People with bipolar disorder experience episodes of severe depression and episodes of mania: overwhelming joy, excitement or happiness, enormous energy, reduced need for sleep, and reduced inhibitions. Bipolar disorder is a mental health condition characterized by intense changes in mood. It is characterized by extreme mood swings that range from mania or hypomania (an emotional state of energy and joy, or sometimes aggressive or delirious) to having episodes of depression. People with the disease may have episodes of depression more often than episodes of mania, or vice versa.
Between episodes of depression and mania, they may sometimes have periods when they have a normal mood. During episodes of mania and depression, a person with bipolar disorder may experience strange sensations, such as seeing, hearing, or smelling things that are not present (hallucinations).To help you better understand how you feel, mania and depression are described below. Mania is a period of high mood where a person may feel euphoric and have an increased energy level. They may also be more talkative than usual and have racing thoughts.
On the other hand, depression is a period of low mood where a person may feel sad and hopeless. They may also have difficulty concentrating and lack energy. There is some evidence that complementary therapies can help with depression caused by bipolar disorder. Having a substance use disorder can also make it more difficult to get an accurate diagnosis, as the doctor may have difficulty identifying which symptoms are due to bipolar disorder and which are derived from substance use. Intense feelings, from feeling like you can do anything to feeling hopeless, are among the most common experiences shared by many people living with bipolar disorder.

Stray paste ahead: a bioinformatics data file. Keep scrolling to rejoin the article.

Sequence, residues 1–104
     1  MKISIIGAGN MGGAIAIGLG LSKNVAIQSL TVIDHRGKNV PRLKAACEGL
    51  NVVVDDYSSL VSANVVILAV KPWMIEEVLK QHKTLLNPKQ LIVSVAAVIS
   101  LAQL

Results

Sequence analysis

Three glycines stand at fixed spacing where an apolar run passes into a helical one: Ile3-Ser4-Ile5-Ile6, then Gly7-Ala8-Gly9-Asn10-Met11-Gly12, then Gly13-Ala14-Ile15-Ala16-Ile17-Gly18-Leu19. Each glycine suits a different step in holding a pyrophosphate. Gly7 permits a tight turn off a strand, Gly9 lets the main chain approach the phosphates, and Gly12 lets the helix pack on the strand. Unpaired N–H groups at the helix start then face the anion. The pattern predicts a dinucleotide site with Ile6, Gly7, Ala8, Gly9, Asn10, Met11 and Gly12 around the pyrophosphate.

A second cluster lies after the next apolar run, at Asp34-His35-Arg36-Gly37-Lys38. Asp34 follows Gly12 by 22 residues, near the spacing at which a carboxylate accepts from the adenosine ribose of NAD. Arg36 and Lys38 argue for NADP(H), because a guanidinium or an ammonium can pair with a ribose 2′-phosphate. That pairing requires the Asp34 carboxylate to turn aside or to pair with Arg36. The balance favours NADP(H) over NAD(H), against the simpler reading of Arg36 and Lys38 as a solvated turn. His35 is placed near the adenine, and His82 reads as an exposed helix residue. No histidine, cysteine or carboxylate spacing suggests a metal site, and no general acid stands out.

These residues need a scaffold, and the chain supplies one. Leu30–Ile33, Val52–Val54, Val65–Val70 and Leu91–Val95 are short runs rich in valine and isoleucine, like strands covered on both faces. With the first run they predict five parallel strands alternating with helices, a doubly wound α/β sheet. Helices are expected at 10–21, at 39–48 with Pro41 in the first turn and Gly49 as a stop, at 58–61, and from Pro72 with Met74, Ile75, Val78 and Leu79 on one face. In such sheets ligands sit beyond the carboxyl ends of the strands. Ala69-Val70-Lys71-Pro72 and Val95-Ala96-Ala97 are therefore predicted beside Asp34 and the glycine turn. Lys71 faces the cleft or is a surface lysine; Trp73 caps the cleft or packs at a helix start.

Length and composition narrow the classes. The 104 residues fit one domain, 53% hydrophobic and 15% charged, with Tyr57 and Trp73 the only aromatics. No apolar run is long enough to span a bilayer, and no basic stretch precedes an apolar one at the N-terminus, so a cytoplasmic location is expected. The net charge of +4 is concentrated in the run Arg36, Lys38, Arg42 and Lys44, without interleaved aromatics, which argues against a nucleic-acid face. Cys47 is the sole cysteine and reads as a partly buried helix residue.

People with bipolar disorder are more likely to have seasonal depression, coexisting anxiety disorders, post-traumatic stress disorder, and obsessive compulsive disorder. If someone acts in the following ways, especially for several weeks in a row, bipolar disorder is a possible cause: feeling euphoric or having an increased energy level; being more talkative than usual; having racing thoughts; feeling sad and hopeless; difficulty concentrating; lack of energy; seeing, hearing, or smelling things that are not present (hallucinations). Medical help, such as medication, can go a long way in managing these “ups and downs” so that a person can effectively live with bipolar disorder. Bipolar disorder usually begins in late adolescence or early adulthood. Learn exactly what a bipolar diagnosis means, how it might affect your partner's behavior, and what you can do to foster a healthy and stable relationship. And if you're like some people with bipolar disorder, you might enjoy the feeling of euphoria and the cycles of being more productive.